Diana Krall and Madeleine Peyroux probably don't get mentioned in the same breath very often, but you could make a case for that. Both jazz artists have new albums that recast well-known standards but with markedly different results.
You can't really slight Krall's albums for the way they sound. They're unequivocally impeccable. Sumptuous arrangements and crisp production cradle Krall's piano playing and dusky vocals, and her choice of material is generally excellent. You can, however, question how compelling and enduring the music is.
More than 15 years into her highly successful career, Krall releases her 10th album, ``From This Moment On," today on Verve . Excluding last year's holiday album, it's the follow-up -- some might say rebound -- to ``The Girl in the Other Room," Krall's 2004 album that featured original songs co-written with hubby Elvis Costello.
Fans who balked at her singer-songwriter detour, and many did, will be elated to hear ``From This Moment On," a swinging return of the Diana Krall who will forever remind listeners of the sultry white jazz singers before her, most notably Julie London.
``Moment" is Krall's big-band album, full of upbeat tunes worthy of her idols, particularly Nat King Cole and Fred Astaire. And there's no discounting the energy and pizzazz. With the Clayton/Hamilton Jazz Orchestra superbly backing her, Krall dives heartily into the material, proving she's just as effective a crooner as an Anita O'Day-caliber swinger. ``Day In , Day Out" encapsulates this spirit, with Krall just one step ahead of her fellow musicians: She's leading this dance, not them.
For such a razzle-dazzle album, it's the quieter moments that are most revealing. On ``Little Girl Blue," Krall finds new and exciting ways to mine the melancholy of lines such as, ``Why won't somebody send a tender blue boy/ To cheer up little girl blue?" It reminds you of Blossom Dearie's definitive, sad-eyed take on Rodgers & Hart's ``Manhattan."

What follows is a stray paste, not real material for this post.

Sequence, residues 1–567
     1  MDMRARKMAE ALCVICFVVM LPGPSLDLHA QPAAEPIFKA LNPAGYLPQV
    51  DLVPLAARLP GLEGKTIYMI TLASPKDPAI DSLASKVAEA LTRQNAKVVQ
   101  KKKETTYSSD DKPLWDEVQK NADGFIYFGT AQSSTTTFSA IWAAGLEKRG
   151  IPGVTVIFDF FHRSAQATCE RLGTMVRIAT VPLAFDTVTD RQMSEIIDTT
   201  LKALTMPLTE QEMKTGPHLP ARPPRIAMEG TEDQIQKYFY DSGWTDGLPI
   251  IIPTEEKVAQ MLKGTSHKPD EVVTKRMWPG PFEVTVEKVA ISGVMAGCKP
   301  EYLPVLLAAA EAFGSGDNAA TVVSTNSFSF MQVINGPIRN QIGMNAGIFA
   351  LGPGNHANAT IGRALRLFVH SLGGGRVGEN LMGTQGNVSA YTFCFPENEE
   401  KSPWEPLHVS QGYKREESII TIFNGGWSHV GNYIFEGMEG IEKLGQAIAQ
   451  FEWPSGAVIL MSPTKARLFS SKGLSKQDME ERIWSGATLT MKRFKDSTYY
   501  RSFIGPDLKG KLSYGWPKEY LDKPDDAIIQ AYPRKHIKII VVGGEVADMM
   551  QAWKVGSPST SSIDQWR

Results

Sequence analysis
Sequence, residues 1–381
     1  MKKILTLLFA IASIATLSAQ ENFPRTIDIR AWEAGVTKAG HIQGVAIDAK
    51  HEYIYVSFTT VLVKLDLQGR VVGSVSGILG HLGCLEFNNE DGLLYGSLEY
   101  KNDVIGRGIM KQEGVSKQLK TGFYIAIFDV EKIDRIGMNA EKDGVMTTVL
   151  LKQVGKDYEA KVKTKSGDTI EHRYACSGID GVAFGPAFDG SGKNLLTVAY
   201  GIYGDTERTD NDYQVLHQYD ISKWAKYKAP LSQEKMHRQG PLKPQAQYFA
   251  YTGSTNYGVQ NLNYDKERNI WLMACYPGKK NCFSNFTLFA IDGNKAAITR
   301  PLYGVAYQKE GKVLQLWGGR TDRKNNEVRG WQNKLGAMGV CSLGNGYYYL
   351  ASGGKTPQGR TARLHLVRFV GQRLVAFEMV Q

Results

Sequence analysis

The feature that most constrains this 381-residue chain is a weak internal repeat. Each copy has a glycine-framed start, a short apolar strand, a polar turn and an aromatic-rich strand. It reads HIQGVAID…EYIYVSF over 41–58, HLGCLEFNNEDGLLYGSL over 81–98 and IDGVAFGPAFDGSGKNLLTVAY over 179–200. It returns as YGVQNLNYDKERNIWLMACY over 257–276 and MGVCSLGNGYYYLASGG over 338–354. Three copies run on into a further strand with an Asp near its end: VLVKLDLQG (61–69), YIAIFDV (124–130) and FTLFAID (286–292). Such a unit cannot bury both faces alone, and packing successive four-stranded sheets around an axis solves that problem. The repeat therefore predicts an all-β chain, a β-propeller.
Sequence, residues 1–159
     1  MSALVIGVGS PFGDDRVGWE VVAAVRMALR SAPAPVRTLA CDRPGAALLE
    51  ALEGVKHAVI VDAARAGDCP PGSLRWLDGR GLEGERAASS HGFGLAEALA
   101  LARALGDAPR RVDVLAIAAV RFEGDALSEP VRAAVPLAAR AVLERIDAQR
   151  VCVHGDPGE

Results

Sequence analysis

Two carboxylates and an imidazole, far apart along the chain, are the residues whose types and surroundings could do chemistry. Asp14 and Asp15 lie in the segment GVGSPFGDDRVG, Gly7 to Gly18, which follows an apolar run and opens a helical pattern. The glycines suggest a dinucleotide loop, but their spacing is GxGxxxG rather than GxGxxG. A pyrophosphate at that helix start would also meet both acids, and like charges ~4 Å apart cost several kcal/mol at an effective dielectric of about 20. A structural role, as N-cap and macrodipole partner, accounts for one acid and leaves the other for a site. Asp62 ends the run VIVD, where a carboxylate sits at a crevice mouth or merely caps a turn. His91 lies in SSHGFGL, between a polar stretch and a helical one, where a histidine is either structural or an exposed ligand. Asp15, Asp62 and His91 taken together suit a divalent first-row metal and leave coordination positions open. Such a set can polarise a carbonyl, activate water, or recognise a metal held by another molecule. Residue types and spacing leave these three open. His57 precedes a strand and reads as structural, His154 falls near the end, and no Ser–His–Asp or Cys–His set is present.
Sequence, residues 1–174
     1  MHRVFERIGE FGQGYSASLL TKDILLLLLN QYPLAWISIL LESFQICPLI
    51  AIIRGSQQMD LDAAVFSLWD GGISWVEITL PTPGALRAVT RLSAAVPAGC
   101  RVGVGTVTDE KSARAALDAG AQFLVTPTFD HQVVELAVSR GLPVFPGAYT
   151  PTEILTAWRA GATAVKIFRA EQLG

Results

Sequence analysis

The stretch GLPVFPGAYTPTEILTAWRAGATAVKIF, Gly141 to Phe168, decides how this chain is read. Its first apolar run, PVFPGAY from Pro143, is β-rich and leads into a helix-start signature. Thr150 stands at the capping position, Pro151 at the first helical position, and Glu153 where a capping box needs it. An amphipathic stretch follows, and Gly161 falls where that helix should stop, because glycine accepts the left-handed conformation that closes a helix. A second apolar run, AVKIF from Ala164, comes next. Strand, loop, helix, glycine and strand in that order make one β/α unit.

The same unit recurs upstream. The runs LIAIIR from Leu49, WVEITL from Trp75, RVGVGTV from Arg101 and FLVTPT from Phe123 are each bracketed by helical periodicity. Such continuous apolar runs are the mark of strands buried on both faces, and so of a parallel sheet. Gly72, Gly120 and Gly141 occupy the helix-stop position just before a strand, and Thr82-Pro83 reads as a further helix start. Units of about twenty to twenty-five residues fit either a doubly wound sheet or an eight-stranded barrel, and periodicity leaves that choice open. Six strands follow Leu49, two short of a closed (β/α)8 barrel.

But a bottle of chardonnay and a plate of brie later, what does this album leave you with? Not much, unfortunately. ``From This Moment On" indeed marks a different direction for Krall, but the safety and caution of her previous albums remain intact. Maybe her fans prefer it that way, but for the rest of us, we're still waiting to be surprised with a real curveball (perhaps an album of Kurt Weill songs?). You know Krall has it in her.
Not that any amount of criticism will keep this from being a huge success. After all, brunch and dinner parties happen every day.
By contrast, Peyroux's new album on Rounder, ``Half the Perfect World," demonstrates what Krall could have accomplished. It's Peyroux's most enjoyable and mature work yet, the moment that could finally win over the skeptics who dismiss her as a Billie Holiday wannabe. Here she finally sounds like she's coming into her own.
The formula hews closely to her last album, 2004's ``Careless Love" -- a mix of Tin Pan Alley staples and singer-songwriter standards (from Joni Mitchell , Serge Gainsbourg , and Leonard Cohen , an obvious favorite).
With ``Half the Perfect World," Peyroux has made an honest singer-songwriter album. Which is not to say that her original songs are the best (she co-wrote three of them with producer Larry Klein and Jesse Harris , and another with Klein and Steely Dan's Walter Becker ), but rather she has made other people's songs her own. She turns Fred Neil's oft-covered ``Everybody's Talkin' " into a drawn-out meditation on self-awareness, forever banishing memories of Harry Nilsson's version.
SAMPLE KRALL AND PEYROUX Check out audio clips from their new CDs at www.boston.com/clips.
A similar approach to Tom Waits's ``(Looking for) The Heart of Saturday Night" doesn't fare as well, though. Her timing is too straight-ahead, and without the barroom grit of Waits's original, it sounds little more than a hollow reading.
But a duet with k.d. lang on Mitchell's ``River" is a
(It also marks an understated return to form for lang, after too many years of relegating herself to impressive but predictable power belting.)
Charlie Chaplin's ``Smile," foot-tappingly charming with flourishes of ukulele, is a perfect fit for Peyroux, a sweet feather of a song brimming with hope. When she sings, ``Light up your face with gladness/ Hide every trace of sadness," you're really left with no other choice.